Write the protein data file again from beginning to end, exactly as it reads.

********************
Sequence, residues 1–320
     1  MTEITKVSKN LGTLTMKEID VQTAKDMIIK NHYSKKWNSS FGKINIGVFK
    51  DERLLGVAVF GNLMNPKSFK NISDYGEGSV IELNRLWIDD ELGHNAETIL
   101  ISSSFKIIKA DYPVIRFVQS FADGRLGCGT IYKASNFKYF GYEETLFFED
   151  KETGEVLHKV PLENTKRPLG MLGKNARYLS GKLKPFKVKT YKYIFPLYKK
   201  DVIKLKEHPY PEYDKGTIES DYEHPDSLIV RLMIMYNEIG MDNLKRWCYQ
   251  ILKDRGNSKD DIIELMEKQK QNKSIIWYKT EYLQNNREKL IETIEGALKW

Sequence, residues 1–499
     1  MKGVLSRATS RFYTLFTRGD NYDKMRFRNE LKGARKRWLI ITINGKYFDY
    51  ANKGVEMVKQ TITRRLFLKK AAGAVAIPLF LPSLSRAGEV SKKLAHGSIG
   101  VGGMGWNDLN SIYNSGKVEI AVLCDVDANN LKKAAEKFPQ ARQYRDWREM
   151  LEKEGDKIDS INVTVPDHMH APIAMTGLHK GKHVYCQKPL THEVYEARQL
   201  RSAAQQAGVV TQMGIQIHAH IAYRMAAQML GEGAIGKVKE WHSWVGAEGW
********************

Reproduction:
Sequence, residues 1–320
     1  MTEITKVSKN LGTLTMKEID VQTAKDMIIK NHYSKKWNSS FGKINIGVFK
    51  DERLLGVAVF GNLMNPKSFK NISDYGEGSV IELNRLWIDD ELGHNAETIL
   101  ISSSFKIIKA DYPVIRFVQS FADGRLGCGT IYKASNFKYF GYEETLFFED
   151  KETGEVLHKV PLENTKRPLG MLGKNARYLS GKLKPFKVKT YKYIFPLYKK
   201  DVIKLKEHPY PEYDKGTIES DYEHPDSLIV RLMIMYNEIG MDNLKRWCYQ
   251  ILKDRGNSKD DIIELMEKQK QNKSIIWYKT EYLQNNREKL IETIEGALKW

Sequence, residues 1–499
     1  MKGVLSRATS RFYTLFTRGD NYDKMRFRNE LKGARKRWLI ITINGKYFDY
    51  ANKGVEMVKQ TITRRLFLKK AAGAVAIPLF LPSLSRAGEV SKKLAHGSIG
   101  VGGMGWNDLN SIYNSGKVEI AVLCDVDANN LKKAAEKFPQ ARQYRDWREM
   151  LEKEGDKIDS INVTVPDHMH APIAMTGLHK GKHVYCQKPL THEVYEARQL
   201  RSAAQQAGVV TQMGIQIHAH IAYRMAAQML GEGAIGKVKE WHSWVGAEGW